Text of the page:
However, in India, the world of the original framers and the one we live in today may not have altered nearly as dramatically. Understanding of the Indian constitution's framing helps one's understanding of current constitutional practice, as well as their importance and purpose.

What is the Political Philosophy of the Indian Constitution?

The Philosophy of the Indian Constitution cannot be described in one word. It resists any single label because it is liberal, democratic, egalitarian, secular, and federal, open to community values, sensitive to the needs of religious and linguistic minorities as well as historically disadvantaged groups, and committed to building a common national identity.

In short, it is committed to freedom, equality, social justice, and some form of national unity. But underneath all this, there is a clear emphasis on peaceful and democratic measures for putting this philosophy into practice.

The following highlight some of the important aspects of the Indian constitution.

1. Individual freedom

An important point to note about the Constitution is its commitment to individual freedom. It was the product of the continuous intellectual and political activity of well over a century.

Freedom of Press

Ram Mohan Roy protested against the curtailment of the freedom of the press by the British colonial state. Indians continued to demand a free press throughout British rule. It is not surprising therefore that freedom of expression is an integral part of the Indian Constitution.

Freedom from Arbitrary Protest

The infamous Rowlatt Act, which the national movement opposed so vehemently, sought to deny this basic freedom.

Individual liberties, such as freedom of conscience are part of the liberal ideology. On this premise, we might conclude that the Indian Constitution is quite liberal.

2. Social Justice

Classical liberalism always privileges the rights of the individuals over demands of social justice and community values.

The liberalism of the Indian Constitution differs from this version in two ways:

  • First, it was always linked to social justice. The best example of this is the provision for reservations for Scheduled Castes and Scheduled Tribes in the Constitution. The makers of the Constitution believed that the mere granting of the right to equality was not enough to overcome age-old injustices suffered by these groups or to give real meaning to their right to vote. Special constitutional measures were required to advance their interests.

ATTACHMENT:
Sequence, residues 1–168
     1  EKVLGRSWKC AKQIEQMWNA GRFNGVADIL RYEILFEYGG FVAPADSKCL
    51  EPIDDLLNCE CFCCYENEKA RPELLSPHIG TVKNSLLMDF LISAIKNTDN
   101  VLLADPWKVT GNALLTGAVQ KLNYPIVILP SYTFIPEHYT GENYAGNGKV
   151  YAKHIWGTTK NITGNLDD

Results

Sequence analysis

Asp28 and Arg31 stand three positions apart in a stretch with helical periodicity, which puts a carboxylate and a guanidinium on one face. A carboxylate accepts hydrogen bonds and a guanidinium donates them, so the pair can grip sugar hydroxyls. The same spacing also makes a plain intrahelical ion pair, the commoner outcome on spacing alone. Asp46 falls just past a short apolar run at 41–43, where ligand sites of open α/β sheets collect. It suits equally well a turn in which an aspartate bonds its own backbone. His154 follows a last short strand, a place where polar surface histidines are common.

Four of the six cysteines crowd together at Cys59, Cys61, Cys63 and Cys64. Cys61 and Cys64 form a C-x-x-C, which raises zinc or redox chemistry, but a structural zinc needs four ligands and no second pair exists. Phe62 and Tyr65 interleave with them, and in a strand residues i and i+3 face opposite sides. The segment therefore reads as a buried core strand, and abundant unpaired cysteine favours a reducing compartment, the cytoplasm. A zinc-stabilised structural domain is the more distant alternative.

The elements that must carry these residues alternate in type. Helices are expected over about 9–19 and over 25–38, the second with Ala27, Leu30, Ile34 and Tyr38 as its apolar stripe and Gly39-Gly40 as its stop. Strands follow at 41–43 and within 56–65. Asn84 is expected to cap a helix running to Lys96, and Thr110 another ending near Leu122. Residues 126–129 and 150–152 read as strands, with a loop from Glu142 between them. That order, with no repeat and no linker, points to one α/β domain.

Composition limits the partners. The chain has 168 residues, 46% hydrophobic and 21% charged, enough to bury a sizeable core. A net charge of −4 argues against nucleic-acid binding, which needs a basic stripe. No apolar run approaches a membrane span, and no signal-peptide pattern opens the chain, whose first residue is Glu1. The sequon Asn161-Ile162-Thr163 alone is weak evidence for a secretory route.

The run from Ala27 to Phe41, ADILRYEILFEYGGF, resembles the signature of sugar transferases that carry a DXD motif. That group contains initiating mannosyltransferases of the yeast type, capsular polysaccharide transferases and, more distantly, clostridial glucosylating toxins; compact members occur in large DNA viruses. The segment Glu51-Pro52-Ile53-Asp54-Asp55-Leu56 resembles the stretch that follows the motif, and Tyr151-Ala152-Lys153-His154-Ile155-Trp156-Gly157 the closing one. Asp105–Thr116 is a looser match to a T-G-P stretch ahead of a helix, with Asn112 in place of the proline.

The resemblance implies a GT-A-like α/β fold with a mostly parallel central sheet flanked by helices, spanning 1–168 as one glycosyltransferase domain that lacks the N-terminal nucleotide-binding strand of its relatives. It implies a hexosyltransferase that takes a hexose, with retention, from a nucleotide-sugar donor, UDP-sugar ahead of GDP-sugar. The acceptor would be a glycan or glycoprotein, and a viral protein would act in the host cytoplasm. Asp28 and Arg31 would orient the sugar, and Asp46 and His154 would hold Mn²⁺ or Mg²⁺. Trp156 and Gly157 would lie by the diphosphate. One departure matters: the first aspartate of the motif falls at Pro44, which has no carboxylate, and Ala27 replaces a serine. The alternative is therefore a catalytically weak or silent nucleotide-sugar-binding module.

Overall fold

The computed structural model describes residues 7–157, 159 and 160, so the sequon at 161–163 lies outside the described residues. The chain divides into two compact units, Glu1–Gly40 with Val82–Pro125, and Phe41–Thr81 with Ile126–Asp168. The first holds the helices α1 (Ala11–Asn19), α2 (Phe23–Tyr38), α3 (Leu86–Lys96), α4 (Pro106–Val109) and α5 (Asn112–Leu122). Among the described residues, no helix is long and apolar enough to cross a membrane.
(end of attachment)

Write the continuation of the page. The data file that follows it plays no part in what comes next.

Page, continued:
• Second, The Constitution also made it possible for the government to reserve public sector jobs for these groups. The constitution-makers also provided several special measures to protect the interests of Scheduled Castes and Scheduled Tribes such as the reservation of seats in legislatures.

3. Respect for Diversity and Minority Rights

The Indian Constitution encourages equal respect between communities. This was not easy in our country because:

  • First, the communities do not always have a relationship of equality; they tend to have hierarchical relationships with one another (as in the case of caste).

  • Second, when these communities do see each other as equals, they also tend to become rivals (as in the case of religious communities). It was important to ensure that no one community systematically dominates others. This made it mandatory for our Constitution to recognize community-based rights.

One such right is the right of religious communities to establish and run their own educational institutions. Such institutions may receive money from the government. This provision shows that the Indian Constitution does not see religion merely as a private matter concerning the individual. Secularism:

4. Secularism

Secular states are widely seen as treating religion as only a private matter. That is to say, they refuse to give religion public or official recognition. This is the mainstream western conception of secularism and means the mutual exclusion of state and religion in order to protect values such as individual freedom and citizenship rights of individuals.

What does the term 'Mutual Exclusion' mean?

The term ‘mutual exclusion’ means that: both religion and state must stay away from the internal mutual affairs of one another. The state must not intervene in the domain of religion; religion likewise should not dictate state policy or influence the conduct of the state.

In other words, mutual exclusion means that religion and state must be strictly separated. To protect the religious freedom of individuals, therefore, the state must not help religious organisations. But at the same time, the state should not tell religious organisations how to manage their affairs.

This strict separation helps in safeguarding the freedom of individuals. States which lend support to organised religions make them more powerful than they already are.